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Kate Bush: '50 Words For Snow' - Album review

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Kate Bush: '50 Words For Snow'

© WENN

Released on Monday, Nov 21 2011

Despite the swirling rumours, it still came as a surprise when the release of Kate Bush's tenth studio album was confirmed in September. Coming just six months after the stopgap reworking's project Director's Cut, 50 Words For Snow is Bush's first album of new material since 2005's Aerial. 12 years had passed before that album's predecessor The Red Shoes in 1993.

How much of the last six years has been spent working on these seven new songs isn't known, but every second was worth it. Don't be fooled by the sparse tracklisting; the disc clocks in at over 65 minutes, making up a dense, daft, delightful record based around the white stuff.

Where to begin? There's back-to-back songs about getting it on with a snowman ('Misty') and a yeti ('Wild Man'). The former is over 13 and a half minutes long and chucks up a much sexier version of Raymond Briggs's tale, despite the equally-inevitable sad ending (I can feel him melting in my hand / Melting, melting, in my hand").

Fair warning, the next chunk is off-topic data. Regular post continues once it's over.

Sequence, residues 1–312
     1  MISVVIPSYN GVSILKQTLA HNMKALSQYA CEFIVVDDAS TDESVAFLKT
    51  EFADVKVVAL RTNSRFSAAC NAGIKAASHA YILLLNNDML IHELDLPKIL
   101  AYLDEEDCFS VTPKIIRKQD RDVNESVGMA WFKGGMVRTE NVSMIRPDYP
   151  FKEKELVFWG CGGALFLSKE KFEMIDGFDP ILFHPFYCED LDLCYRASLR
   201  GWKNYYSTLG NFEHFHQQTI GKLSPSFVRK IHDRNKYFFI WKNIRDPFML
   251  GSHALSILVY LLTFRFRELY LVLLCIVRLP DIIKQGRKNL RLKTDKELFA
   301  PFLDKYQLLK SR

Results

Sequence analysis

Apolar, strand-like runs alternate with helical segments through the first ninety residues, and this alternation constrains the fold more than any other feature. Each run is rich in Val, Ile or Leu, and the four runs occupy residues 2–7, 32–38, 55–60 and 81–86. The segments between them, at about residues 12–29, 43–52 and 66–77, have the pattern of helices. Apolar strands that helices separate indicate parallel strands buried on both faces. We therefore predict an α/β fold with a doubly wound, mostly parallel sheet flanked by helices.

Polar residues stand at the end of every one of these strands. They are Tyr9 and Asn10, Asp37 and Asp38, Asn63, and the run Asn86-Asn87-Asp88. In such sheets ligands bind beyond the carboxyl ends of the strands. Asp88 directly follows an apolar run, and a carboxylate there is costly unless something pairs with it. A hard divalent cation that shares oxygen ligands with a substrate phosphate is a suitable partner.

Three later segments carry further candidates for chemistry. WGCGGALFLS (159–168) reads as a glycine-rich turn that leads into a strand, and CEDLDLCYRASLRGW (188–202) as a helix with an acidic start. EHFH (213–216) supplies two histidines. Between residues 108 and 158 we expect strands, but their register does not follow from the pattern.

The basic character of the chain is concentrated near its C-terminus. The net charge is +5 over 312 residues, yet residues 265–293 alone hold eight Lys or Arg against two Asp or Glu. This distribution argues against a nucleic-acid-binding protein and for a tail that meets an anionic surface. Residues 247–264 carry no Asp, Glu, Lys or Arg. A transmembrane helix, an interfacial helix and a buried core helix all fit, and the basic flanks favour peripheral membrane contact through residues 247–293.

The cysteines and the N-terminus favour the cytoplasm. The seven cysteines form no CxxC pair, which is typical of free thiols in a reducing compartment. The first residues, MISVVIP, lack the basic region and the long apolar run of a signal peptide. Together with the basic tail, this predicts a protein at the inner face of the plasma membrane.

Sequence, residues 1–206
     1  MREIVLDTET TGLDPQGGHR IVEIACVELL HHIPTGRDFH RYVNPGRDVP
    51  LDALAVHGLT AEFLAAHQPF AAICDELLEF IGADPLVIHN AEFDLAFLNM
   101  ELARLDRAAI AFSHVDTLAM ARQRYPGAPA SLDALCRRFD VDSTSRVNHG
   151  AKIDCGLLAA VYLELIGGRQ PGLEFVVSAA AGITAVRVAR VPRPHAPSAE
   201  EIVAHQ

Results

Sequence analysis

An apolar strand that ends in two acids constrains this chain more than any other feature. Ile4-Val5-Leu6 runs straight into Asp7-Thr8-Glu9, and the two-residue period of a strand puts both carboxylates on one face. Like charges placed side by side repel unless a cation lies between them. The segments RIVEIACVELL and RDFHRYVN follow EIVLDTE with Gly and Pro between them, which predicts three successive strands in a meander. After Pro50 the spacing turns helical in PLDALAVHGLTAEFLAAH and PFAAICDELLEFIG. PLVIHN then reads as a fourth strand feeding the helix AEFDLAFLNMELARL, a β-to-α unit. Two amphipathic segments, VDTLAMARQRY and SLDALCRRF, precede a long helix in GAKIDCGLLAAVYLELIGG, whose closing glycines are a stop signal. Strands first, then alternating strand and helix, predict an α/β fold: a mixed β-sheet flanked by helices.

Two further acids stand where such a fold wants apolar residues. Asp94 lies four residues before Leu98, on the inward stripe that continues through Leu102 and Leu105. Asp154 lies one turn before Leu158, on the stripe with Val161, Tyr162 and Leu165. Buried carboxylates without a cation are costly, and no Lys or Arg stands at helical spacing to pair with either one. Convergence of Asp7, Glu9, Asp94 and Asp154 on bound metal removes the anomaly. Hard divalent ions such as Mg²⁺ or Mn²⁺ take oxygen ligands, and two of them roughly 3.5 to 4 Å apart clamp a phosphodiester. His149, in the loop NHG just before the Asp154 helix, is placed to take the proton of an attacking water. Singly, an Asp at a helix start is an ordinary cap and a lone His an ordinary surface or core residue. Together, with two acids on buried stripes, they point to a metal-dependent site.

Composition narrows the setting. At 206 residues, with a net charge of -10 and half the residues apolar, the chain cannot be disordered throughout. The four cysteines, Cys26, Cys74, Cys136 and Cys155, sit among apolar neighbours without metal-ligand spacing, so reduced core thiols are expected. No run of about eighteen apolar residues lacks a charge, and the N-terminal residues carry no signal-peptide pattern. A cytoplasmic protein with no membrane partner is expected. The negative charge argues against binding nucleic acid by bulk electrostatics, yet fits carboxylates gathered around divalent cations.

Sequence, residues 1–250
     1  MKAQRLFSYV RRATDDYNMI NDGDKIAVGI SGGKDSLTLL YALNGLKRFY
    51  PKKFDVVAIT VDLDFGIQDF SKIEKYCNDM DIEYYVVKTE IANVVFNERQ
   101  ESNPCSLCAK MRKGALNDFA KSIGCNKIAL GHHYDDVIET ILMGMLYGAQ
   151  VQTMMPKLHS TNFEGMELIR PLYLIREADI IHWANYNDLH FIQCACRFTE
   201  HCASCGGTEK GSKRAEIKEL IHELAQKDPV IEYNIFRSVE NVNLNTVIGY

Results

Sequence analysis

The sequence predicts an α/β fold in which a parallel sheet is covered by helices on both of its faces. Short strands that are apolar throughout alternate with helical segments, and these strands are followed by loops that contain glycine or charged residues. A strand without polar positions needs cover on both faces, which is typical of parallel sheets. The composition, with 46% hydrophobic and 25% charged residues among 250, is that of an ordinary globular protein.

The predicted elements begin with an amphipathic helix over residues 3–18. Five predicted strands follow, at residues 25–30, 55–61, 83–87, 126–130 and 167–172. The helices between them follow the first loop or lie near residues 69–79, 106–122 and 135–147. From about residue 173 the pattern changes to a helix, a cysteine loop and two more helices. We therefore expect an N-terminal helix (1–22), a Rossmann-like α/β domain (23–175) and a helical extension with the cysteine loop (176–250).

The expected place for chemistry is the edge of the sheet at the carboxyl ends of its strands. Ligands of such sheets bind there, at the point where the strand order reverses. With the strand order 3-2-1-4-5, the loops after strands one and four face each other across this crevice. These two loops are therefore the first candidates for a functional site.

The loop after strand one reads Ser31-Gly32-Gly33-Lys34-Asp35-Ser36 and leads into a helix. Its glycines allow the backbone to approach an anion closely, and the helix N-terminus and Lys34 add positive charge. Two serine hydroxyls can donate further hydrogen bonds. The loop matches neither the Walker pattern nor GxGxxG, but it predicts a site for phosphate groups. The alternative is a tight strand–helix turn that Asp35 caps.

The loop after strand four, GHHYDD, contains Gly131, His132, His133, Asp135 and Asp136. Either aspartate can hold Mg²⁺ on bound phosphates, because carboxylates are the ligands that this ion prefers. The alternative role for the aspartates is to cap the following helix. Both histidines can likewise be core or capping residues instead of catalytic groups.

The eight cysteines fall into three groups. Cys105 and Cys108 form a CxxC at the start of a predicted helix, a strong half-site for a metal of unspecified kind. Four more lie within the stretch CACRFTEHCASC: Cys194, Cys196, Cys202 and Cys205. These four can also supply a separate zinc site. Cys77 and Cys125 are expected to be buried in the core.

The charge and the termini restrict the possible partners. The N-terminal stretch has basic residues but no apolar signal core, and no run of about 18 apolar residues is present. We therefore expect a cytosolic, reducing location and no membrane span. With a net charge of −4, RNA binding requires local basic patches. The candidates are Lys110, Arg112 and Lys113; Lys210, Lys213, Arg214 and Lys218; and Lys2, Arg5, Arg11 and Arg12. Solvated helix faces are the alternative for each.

Obviously those who find Bush too self-consciously quirky aren't going to be won round by the sound of that, but the problem with 2011 pop is all-too-often the lack of pretension, rather than an excess of it. First person lyrics from the perspective of a snowflake ("I was born in a cloud / Now I am falling / I want you to catch me") beat a po-faced, try-hard grope of "authenticity" any day.

Bush tops off the wonderful madness with the title track, where she implores Stephen Fry no less, in character as "Prof. Joseph Yupik", to come up with 50 different expressions for snow. Our favourites are "swans-a-melting", "slipperella", "erase-o-dust" and "mountainsob". Another fine hook-up comes with Elton John duet 'Snowed In At Wheeler Street', a tale of love lost, regained and grasped close in terror.

Understated, organic instruments gorgeously frame Bush's snowy stories, showcasing a unique voice which sounds as good - if not better - than ever. While it'd be a shame to wait another six years for the next batch of new material, the truth is we'll probably still be spinning this come Xmas 2017 anyway.



Tracks to download: 'Snowflake', 'Wild Man' '50 Words For Snow'
If you like this, you'll like: Nick Cave, PJ Harvey, Tori Amos

Listen to Kate Bush's 'Wild Man' below:

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